Lodging Demand Picks Up As Economy Stabilizes
NEW YORK CITY—Underscoring a recent turnaround in its fortunes, the lodging sector saw lodging demand increase at the strongest quarterly rate in two years during the first three months of 2017 even amid weak GDP growth, PwC US said Monday. This in turn led to modest growth in both occupancy and ADR during the first quarter, while overall RevPAR increased 3.4%.
“Despite the ongoing post-election partisanship, the US economy currently appears to be on firmer footing, compared to the same period last year,” says Scott D. Berman, principal and US industry leader, hospitality & leisure at PwC. “Events such as the presidential inauguration and women’s march in January boosted demand for hotel rooms in the greater Washington, DC market.
“This, coupled with other anomalies, such as timing of Easter and Passover, contributed to a good start in 2017,” Berman continues. “The industry needs to keep its eye on the prize and make sure this momentum can be sustained” for the balanced of the year.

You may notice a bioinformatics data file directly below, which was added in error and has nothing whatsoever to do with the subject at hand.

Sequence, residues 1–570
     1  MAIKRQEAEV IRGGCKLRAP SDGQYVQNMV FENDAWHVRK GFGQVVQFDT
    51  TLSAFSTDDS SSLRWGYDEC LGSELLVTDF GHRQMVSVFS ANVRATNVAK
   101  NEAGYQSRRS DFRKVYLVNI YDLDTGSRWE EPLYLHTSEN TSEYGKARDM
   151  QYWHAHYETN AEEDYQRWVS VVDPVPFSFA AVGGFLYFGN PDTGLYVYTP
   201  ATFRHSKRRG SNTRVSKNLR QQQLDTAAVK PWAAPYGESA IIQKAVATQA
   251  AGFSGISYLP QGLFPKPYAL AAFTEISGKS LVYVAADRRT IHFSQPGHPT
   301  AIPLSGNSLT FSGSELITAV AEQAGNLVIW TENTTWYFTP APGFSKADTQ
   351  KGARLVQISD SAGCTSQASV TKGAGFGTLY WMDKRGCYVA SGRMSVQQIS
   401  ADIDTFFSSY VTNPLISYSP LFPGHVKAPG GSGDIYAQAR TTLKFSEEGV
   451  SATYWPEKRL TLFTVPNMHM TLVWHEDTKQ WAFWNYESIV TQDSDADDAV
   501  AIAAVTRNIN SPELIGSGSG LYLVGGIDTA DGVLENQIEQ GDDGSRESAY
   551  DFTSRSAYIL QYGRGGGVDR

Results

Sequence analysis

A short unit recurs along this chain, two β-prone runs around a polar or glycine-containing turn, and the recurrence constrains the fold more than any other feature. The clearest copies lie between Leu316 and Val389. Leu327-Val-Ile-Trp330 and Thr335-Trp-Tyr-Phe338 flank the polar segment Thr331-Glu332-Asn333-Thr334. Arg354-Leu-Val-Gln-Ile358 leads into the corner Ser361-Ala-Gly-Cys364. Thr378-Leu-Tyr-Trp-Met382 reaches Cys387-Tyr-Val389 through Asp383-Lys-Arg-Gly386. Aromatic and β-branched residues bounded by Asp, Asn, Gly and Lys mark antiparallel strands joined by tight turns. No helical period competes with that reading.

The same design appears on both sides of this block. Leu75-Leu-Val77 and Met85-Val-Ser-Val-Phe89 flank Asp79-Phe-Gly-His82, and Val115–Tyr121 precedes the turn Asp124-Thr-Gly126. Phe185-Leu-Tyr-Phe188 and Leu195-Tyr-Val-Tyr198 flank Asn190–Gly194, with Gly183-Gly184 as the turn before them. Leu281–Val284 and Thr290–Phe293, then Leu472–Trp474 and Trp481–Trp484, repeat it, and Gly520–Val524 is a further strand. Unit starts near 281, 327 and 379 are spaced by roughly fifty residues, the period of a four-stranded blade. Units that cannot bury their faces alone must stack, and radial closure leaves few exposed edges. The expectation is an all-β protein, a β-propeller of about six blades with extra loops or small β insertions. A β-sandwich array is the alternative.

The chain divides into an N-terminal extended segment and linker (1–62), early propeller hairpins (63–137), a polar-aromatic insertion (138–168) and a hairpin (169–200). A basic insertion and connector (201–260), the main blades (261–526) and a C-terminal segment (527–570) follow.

PwC says a shift in the supply-demand balance in 2018 is anticipated to result in the first annual decline in occupancy since 2009, although a minor decline at that. ADR growth of 2.2% is expected to drive a year-over-year increase in RevPAR of 2.0%, the slowest growth rate in nine years.
The updated estimates from PwC are based on a quarterly econometric analysis of the US lodging sector. It utilizes an updated forecast released by IHS Markit and historical statistics supplied by STR and other data providers.
Based on IHS Markit’s economic forecast, PwC anticipates the Trump administration will attempt a more modest agenda in 2017 than initially suggested. This may impact previous expectations for significant tax and regulatory reform this year.
“Reinforced by rising employment, higher real income, and increased household net worth, consumer confidence and sentiment remain elevated,” according to PwC. ”For the remainder of 2017, US lodging performance is projected to temper, as peaking supply growth is expected to place increased pressure on pricing power.”